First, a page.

The article below is presented to coaches by the U.S. Soccer Referee Department. The complete article regarding "Rescinding a Card" mentioned below, is available in the referee "Laws of the Game" section of ussoccer.com as a PDF.
As a result of several recent incidents, as well as a general rise in actions which demonstrate disrespect by players toward each other in MLS matches, referees need to review the following guidelines regarding "strikes or attempts to strike" as a foul and/or misconduct, the appropriate action to take in each case, and the reasons why such behavior must be dealt with firmly.
Striking is not defined in the Laws of the Game. Referees must therefore apply commonly accepted usage and common sense in identifying the actions which would properly be called striking. As a foul, striking consists of a player making (or attempting to make):
- direct contact with an opponent;
- on the field during play;
- using a hand, elbow, arm, head, or knee;
or by throwing any object at an opponent (including the ball). Underlying the concept is the notion that the action involves at least some degree of force -- merely touching an opponent would clearly not be seen as a striking foul. There should be no hesitation in whistling the offense and indicating the correct restart (direct free kick or penalty kick) -- according to the IFAB, advantage is not applied to such behavior unless there is a clear, immediate possibility of a goal.
If the referee's decision is that a striking foul has occurred, the assumption should be that a red card should be shown and the player should be sent off (violent conduct). A red card must be given when the striking is performed:
- using the backhand, open-handed slap, fist, or poking fingers; or
- in a manner intended to increase pain, injury, or humiliation.
Particular attention must be paid to striking the head, face, or other vulnerable parts of the body (e.g., the eyes). Grabbing the hair of the opponent could be considered striking or holding but, in either case, would be evaluated using the above criteria. If the contact does not involve force and would thus not be considered a foul, the referee must still consider the likelihood of misconduct punishable by a red card if it is performed in an insulting, offensive, or derisory manner designed to provoke, intimidate, or humiliate the opponent (the card would not be reported as violent conduct but as insulting or offensive language, which includes gestures).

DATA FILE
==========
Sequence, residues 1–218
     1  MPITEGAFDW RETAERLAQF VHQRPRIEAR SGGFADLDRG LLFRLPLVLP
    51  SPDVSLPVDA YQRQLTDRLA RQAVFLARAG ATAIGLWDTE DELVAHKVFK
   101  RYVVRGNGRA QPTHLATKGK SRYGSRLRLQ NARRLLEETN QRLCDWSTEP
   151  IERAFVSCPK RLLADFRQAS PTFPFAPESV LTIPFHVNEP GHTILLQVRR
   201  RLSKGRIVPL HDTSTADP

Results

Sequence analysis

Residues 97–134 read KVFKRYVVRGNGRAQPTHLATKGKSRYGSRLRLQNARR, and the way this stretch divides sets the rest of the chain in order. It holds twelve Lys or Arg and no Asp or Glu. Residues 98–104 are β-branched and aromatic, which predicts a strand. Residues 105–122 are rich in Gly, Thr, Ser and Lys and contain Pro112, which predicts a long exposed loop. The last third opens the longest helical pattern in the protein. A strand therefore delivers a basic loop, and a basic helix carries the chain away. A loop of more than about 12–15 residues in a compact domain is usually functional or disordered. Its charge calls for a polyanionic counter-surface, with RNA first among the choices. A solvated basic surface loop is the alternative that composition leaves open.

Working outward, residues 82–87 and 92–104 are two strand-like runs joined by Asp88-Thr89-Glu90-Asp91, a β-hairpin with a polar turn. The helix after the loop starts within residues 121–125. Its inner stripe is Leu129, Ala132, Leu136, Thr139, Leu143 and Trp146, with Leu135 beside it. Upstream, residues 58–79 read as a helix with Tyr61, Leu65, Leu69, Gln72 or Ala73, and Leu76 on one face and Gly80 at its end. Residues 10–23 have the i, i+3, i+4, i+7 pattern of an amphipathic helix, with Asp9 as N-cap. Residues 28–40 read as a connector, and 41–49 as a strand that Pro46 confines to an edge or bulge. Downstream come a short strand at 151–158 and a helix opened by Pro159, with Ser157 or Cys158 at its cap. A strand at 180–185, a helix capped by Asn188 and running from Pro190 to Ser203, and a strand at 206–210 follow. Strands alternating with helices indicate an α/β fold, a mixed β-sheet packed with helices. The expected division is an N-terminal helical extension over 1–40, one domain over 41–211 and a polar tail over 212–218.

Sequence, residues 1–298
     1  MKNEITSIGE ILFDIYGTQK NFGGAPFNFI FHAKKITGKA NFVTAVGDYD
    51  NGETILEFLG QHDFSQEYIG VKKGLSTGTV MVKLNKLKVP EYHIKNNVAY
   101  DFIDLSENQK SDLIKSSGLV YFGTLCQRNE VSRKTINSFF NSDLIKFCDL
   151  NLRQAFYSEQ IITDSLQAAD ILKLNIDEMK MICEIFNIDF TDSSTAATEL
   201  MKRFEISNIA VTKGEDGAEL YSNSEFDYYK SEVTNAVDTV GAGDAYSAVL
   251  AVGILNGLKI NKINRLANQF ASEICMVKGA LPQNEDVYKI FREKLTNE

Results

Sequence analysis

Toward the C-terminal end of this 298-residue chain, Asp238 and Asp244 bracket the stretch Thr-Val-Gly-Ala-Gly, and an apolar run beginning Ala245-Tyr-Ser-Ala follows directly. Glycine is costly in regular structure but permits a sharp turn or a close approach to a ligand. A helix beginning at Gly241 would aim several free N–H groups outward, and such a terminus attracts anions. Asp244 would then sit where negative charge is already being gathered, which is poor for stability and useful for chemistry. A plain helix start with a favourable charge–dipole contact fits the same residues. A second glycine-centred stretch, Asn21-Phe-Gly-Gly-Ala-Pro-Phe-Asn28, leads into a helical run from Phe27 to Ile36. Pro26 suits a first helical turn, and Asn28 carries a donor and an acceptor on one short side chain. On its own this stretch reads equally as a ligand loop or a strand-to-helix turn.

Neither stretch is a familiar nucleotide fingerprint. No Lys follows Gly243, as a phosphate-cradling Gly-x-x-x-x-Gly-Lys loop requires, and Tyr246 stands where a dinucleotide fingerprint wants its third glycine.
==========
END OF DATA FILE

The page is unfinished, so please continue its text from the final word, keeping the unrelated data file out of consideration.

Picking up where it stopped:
In the attached clip from a match involving Los Angeles Galaxy at DC United (June 29, 2008), United player Gallardo contacts the face of Galaxy player Donovan with a backhanded slap in the 42nd minute. Although not delivered with the aggressive force of a punch nor with the sort of "cocked and thrown" aspect of an elbow, it is nevertheless a clear case of striking (the foul) which must also be considered a send-off offense as the contact was to the face, delivered with enough force to produce bleeding, and done to intimidate. The fact that it was in retaliation for an immediately prior offense (tactical holding) neither excuses the foul nor mitigates the misconduct. It demonstrates the importance of the referee stepping in quickly in the absence of a clear advantage to prevent further problems.